February has dawned, and with it that most artificial and Hallmark of holidays – Valentine's Day. Now, rather than get into a rant about how this day has been co-opted by greetings cards firms and marketing departments and turned into a stress-filled, chocolate covered rose-tinted nightmare, I thought I'd try and provide something useful and interesting for my readers (Hello, Dave. Hello, Keith.)
If you're reading my blog, chances are you're a guitar player or at the very least a musician of some sort. And if you're a musician, chances are you're probably skint.
So, what to do when Valentine's Day comes a-calling and you can't afford fancy restaurants or jewellery? Well, you justify all that expensive equipment you blew all your money on by writing your significant other a love song, of course!
Now, in an earlier blog post I tok a brief look at some of the common elements that make Christmas songs sound the way they do (http://www.jmguitartuition.blogspot.co.uk/2013/12/what-makes-christmas-song.html) – so let's see if we can't examine one or two classic love songs to learn a trick or two.
Firstly, let's look at some rhythmic elements. Most love songs/ ballads tend to be slow and mellow in tempo, to induce a relaxed feeling in the listener and put them in a more receptive frame of mind. In terms of time signatures, good old 4/4 is of course the favourite, but don't overlook compound time signatures like 12/8 or 6/8 (think REM's classic “Everybody Hurts” - not exactly a love song, but a classic ballad nonetheless). There does seem to be something about the gently rocking triplet feel of these time signatures that we find soothing at a very fundamental level – perhaps recalling the motion of being rocked to sleep in a cradle as a baby.
Moving to look at harmony, most love songs revolve around standard diatonic progressions, particularly favouring the I, IV, V and vi chords. Think “You're Beautiful” by James Blunt, or “No One” by Alicia Keys – both standard I-V-vi-IV sequences, with the “thoughtful” nature of these sequences accentuated by a relaxed tempo and the use of a 1st inversion in the V chord to create a descending motion (C-G/B-Am). For a dramatic middle 8 or bridge, a common device is using a major III chord (think of the F# in the bridge of Everybody Hurts”) to create a sense of tension and often implying a key change. Many classic ballads (think “Parisienne Walkways” or “Still Got The Blues”) also use the cycle of fourths chord sequence.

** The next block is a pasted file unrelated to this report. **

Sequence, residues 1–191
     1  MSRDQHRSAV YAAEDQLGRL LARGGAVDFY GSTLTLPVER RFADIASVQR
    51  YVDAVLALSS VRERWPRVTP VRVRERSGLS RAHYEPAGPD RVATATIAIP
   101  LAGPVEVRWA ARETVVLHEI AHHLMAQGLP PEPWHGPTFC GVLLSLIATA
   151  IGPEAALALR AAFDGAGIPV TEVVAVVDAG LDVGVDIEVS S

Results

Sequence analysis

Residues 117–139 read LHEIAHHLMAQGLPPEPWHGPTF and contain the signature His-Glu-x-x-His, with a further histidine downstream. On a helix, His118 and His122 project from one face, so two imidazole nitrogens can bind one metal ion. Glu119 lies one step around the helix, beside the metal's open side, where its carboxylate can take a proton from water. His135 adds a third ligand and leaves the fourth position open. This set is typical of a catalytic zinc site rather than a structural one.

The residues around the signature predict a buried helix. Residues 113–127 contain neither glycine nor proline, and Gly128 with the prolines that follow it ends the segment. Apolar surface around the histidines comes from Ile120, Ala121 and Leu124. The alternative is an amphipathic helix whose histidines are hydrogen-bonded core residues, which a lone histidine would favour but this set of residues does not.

In terms of melody, a great way to bring out the emotional centre of a chord is to target it's third with the melody. This accentuates the major or minor nature of the chord, and melodies that leap in thirds and fifths tend to be very pleasing to the ear. The old trick of jumping registers to really push the dramatic big chorus is very prevalent in this style of music - think of the huge note that starts the chorus of “I Will Always Love You”.
Dynamically, most love songs tend to follow the quiet verse/ big chorus template, but many continue to build throughout the song. It's also interesting to look at some of the textures and instruments that are favoured – guitar tones tend to be clean (Strat in between pickup positions, maybe a little chorus and delay) or often acoustic. Nylon strings are popular in this style, giving an air of sophistication (“I bring thees geetar all the way from Spain because I luff you so”).
Piano is a popular texture too, it's resonance and depth fitting this style perfectly – certainly balladeers such as Lionel Richie and modern day equivalents by musicians like Bruno Mars make much of the piano's full sound. Strings in pad form and as countermelodies, motifs and hooks are all hallmarks of the classic love songs too, building to an impassioned conclusion as the torured songwriter bares his/ her soul to the listener and leaving not a dry eye in the house.
So – out of cash this Valentine's? Boot up GarageBand and get cracking!